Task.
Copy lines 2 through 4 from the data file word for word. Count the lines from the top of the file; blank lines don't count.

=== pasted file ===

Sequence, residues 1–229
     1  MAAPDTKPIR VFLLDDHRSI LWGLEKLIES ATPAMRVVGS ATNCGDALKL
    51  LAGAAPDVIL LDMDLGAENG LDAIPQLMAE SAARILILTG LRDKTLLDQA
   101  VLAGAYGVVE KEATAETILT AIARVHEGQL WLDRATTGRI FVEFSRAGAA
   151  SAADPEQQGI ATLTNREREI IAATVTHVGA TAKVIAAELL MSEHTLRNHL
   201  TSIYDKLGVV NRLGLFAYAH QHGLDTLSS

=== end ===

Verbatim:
     1  MAAPDTKPIR VFLLDDHRSI LWGLEKLIES ATPAMRVVGS ATNCGDALKL
    51  LAGAAPDVIL LDMDLGAENG LDAIPQLMAE SAARILILTG LRDKTLLDQA
   101  VLAGAYGVVE KEATAETILT AIARVHEGQL WLDRATTGRI FVEFSRAGAA